Velar — an unusual name that can all too easily be mangled into ‘velour’. However, there’s no connection here with that tacky velvety fabric that was so popular for automotive upholstery in the Seventies.

The nameplate for Range Rover’s latest offering harks back to the late-Sixties origins of the first-gen Rangie itself, as the prototypes for that vehicle wore this badge to throw people off the scent. The company didn’t want anyone to get wind of the hush-hush project it was working on, and hence they chose the name ‘Velar’ for the prototypes, as it’s derived from the Latin verb velare, which means to conceal.

The difference this time around is that there’s no hidden agenda with the newbie. Recognising that there’s a gaping hole in its line-up, Range Rover has conceived the Velar to slot between the Evoque and Range Rover Sport, and the vehicle provides a logical next step for buyers wanting to move up from the baby of the range.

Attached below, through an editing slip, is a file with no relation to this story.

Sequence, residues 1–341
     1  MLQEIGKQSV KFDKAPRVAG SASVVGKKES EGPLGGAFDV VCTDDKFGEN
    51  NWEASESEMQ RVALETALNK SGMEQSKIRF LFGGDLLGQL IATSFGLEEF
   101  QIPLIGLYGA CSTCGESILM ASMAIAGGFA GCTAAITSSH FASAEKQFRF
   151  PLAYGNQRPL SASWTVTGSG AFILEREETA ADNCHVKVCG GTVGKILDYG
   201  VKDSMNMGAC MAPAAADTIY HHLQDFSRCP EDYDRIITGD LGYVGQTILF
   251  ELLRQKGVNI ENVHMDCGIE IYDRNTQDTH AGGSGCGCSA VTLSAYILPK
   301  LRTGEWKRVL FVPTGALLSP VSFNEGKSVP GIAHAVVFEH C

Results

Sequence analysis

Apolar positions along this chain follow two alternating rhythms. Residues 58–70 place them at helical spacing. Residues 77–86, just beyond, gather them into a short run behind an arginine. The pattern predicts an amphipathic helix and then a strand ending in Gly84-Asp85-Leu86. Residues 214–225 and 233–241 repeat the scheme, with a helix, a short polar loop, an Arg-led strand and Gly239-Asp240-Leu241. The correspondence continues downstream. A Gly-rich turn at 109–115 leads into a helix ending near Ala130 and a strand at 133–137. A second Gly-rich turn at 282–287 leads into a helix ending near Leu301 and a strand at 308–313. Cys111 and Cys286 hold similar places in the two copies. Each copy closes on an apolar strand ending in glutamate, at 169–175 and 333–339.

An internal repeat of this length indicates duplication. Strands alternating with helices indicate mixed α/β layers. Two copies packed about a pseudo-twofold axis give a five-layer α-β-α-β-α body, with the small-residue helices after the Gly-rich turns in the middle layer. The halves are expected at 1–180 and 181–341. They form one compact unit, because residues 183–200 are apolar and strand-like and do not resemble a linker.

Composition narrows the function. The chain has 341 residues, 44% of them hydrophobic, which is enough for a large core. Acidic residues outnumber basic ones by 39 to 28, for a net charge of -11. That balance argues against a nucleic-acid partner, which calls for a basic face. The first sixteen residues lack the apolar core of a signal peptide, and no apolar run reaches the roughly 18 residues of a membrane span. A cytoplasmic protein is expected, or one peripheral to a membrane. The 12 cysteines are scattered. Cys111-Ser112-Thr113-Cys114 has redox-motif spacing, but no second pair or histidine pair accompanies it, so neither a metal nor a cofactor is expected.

That said, company execs suggest the vast majority (around 70 per cent) of Velar buyers will be customers poached across from other brands (mainly out of high-riding wagons such as the Audi A6 Allroad and BMW 5 Series Touring). The suits say there’s not too much danger of the debutant cannibalising its larger, pricier Range Rover Sport sibling, with only about 4 per cent of Velar customers jumping across from the latter. The remainder (approximately 26 per cent, if you do the maths) will be trading up from Evoques.

At the international media launch on the breathtakingly beautiful western coast of Norway, Land Rover execs take great pains to emphasise how the new Velar is a pioneer and game-changer in the same vein as the original Sixties Velar prototype was. That’s a very generous stretching of the truth, as the first-gen Range Rover that the Velar prototype paved the way for was the vehicle that indisputably birthed the luxury SUV segment.